Applied Microbiology and Biotechnology

, Volume 102, Issue 19, pp 8573–8584 | Cite as

Biotransformation of ciprofloxacin by Xylaria longipes: structure elucidation and residual antibacterial activity of metabolites

  • Marina Rusch
  • Astrid Spielmeyer
  • Holger Zorn
  • Gerd HamscherEmail author
Environmental biotechnology


The impressive ability of the fungus Xylaria longipes to transform the highly persistent fluoroquinolone ciprofloxacin into microbiologically less active degradation products was demonstrated. Fluoroquinolones are used extensively in both human and veterinary medicine. Poor metabolization and high chemical stability of these synthetic antibiotics led to their presence in several environmental compartments. This undesirable behavior may promote the spread of resistance mechanisms due to concomitant exposure to bacteria. Therefore, the biotransformation of ciprofloxacin, one of the most prescribed fluoroquinolones in human medicine, by the ascomycetous soft rot fungus X. longipes was investigated in detail. Submerged cultivation of the fungus allowed for high-yield formation of four biotransformation products. These compounds were subsequently purified by preparative high-performance liquid chromatography. Applying accurate mass spectrometry and nuclear magnetic resonance spectroscopy, desethylene-ciprofloxacin, desethylene-N-acetyl-ciprofloxacin, N-formyl-ciprofloxacin and N-acetyl-ciprofloxacin were unambiguously identified. N-acetylation and N-formylation of the drug led to a 75–88% reduction of the initial antibacterial activity, whereas a breakdown of the piperazine substituent resulted in almost inactive products. These findings suggest an important role in the inactivation and degradation of this and other synthetic compounds in the environment.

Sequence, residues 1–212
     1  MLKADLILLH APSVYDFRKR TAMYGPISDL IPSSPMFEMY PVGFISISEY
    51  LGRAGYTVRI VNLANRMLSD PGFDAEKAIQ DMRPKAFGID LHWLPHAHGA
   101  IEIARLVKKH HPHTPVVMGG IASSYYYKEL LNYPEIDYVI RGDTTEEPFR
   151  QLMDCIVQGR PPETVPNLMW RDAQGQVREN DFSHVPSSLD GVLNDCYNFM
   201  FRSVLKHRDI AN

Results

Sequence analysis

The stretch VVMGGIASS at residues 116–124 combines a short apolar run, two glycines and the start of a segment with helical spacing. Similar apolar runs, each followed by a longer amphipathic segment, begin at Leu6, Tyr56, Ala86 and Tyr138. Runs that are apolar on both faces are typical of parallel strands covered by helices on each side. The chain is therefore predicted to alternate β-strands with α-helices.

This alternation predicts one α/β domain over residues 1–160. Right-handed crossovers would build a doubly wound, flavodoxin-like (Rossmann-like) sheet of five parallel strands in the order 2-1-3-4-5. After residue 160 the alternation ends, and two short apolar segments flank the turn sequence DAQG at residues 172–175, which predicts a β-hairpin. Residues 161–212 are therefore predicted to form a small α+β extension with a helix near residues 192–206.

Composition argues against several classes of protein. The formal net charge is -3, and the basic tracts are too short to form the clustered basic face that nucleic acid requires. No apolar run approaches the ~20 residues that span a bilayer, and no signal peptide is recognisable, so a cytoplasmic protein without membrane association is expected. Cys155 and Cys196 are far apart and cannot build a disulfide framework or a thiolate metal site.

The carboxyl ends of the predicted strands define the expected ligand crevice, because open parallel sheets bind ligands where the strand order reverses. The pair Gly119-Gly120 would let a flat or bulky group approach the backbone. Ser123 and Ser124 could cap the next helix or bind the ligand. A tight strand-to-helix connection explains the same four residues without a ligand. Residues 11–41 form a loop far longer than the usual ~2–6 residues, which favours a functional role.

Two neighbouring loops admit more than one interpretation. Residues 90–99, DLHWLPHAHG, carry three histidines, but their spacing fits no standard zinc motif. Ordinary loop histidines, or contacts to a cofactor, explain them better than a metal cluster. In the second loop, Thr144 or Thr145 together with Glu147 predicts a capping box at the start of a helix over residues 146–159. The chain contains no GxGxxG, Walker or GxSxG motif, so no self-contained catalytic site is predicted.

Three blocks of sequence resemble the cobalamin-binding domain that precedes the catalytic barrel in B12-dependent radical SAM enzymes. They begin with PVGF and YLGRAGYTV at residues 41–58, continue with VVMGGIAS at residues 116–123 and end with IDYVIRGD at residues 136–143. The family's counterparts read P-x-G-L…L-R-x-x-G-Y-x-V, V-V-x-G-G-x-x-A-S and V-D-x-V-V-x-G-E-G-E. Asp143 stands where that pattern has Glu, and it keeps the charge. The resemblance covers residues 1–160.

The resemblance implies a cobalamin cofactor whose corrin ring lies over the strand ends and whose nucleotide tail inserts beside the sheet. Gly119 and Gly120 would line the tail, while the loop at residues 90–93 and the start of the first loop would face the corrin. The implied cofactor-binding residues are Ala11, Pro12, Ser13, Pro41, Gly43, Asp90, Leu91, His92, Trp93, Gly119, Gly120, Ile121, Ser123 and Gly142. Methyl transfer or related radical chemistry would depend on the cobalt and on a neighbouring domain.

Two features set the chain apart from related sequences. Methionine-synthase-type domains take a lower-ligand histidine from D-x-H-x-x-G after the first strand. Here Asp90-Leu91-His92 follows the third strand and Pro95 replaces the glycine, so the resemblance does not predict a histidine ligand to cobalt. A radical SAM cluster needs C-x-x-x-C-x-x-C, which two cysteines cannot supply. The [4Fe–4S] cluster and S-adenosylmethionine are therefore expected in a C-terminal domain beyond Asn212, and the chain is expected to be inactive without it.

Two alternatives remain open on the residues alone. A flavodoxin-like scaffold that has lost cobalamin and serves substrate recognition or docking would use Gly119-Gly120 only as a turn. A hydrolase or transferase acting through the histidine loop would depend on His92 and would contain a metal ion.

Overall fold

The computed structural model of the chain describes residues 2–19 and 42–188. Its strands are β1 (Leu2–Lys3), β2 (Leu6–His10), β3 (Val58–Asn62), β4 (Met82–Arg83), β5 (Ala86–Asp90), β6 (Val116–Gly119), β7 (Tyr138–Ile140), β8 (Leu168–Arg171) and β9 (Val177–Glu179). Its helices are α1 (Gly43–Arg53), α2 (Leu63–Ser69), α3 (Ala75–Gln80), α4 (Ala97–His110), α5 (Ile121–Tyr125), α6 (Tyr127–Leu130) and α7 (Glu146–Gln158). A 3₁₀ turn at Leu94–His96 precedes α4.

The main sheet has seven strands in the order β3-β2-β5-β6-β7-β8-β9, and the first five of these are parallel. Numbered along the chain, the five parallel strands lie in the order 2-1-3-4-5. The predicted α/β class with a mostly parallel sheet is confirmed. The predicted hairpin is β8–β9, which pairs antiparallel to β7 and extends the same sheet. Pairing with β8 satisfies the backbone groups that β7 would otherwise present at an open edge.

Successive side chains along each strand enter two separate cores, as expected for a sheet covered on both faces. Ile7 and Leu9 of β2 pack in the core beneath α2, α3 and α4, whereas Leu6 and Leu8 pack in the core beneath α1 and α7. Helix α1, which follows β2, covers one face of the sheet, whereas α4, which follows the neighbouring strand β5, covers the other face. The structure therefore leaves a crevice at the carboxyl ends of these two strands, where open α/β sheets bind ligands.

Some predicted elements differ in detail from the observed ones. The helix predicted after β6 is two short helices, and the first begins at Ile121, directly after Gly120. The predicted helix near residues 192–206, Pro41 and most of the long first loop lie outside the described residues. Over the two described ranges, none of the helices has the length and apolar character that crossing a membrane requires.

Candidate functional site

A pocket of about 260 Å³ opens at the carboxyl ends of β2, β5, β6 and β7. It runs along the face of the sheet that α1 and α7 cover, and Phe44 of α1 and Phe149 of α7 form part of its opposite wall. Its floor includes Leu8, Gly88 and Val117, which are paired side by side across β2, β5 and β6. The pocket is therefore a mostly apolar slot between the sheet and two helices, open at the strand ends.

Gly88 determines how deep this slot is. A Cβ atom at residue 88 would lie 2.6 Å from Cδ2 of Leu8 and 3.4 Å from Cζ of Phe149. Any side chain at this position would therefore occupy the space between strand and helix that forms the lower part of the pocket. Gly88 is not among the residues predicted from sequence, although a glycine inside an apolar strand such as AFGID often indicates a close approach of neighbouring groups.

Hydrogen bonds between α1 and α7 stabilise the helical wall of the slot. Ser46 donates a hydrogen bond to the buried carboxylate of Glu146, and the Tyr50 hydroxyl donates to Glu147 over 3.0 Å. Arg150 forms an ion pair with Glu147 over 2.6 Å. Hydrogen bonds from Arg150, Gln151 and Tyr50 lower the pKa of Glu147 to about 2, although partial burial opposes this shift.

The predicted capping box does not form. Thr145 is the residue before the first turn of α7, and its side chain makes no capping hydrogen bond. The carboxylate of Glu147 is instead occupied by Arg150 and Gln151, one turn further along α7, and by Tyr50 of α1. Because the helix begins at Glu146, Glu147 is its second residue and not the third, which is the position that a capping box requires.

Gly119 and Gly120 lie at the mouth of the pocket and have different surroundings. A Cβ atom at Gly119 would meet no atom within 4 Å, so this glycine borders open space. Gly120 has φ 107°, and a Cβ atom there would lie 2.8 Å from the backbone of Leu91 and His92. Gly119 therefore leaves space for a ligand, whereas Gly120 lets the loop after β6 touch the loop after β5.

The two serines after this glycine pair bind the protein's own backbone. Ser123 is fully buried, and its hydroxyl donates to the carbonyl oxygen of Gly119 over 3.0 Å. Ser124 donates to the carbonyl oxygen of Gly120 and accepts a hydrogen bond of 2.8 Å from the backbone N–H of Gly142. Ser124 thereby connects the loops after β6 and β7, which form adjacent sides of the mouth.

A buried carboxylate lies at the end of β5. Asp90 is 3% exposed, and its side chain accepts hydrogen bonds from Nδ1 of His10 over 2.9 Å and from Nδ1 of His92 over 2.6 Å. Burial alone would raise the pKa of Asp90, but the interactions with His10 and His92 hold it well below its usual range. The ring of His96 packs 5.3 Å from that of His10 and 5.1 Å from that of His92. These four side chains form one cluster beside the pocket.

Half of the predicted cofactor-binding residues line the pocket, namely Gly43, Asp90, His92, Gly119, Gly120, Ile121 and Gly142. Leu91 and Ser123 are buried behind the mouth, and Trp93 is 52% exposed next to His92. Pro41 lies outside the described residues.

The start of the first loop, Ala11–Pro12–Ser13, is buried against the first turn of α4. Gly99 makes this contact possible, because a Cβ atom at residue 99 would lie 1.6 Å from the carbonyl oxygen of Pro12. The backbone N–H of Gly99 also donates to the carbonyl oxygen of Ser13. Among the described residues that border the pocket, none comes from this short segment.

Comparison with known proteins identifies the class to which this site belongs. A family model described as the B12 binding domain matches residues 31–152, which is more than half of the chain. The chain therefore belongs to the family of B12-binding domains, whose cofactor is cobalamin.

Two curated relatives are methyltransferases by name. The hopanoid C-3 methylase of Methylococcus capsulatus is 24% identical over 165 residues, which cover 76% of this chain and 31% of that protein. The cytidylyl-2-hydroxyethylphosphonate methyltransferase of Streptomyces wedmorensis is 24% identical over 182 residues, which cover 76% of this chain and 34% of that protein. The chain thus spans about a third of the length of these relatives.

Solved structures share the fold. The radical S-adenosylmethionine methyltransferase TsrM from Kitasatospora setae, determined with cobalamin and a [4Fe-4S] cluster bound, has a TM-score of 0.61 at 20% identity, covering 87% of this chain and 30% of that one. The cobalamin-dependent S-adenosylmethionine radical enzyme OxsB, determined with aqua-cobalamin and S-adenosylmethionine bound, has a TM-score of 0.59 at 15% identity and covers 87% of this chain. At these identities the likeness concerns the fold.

Fluoroquinolone Fungus Soft rot Metabolism Mass spectrometry NMR 



The authors thank Heike Hausmann, Anja Platt, and Anika Bernhardt (all Justus Liebig University Giessen) for excellent assistance with the NMR analyses. The authors also thank AiM GmbH (Munich, Germany) for kindly providing the BRT MRL screening tests kits for this study.

Funding Information

The authors are grateful to the Deutsche Forschungsgemeinschaft (DFG) and the State of Hesse for funding the TripleTOF mass spectrometer (INST 162/490-1 FUGG). A.S. is supported by the German Federal Environmental Foundation (DBU, grant 31812-01).

Compliance with ethical standards

Conflict of interest

The authors declare that they have no competing interests.

Ethical approval

This article does not contain any studies with human participants or animals performed by any of the authors.


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Copyright information

© Springer-Verlag GmbH Germany, part of Springer Nature 2018

Authors and Affiliations

  1. 1.Institute of Food Chemistry and Food BiotechnologyJustus Liebig University GiessenGiessenGermany

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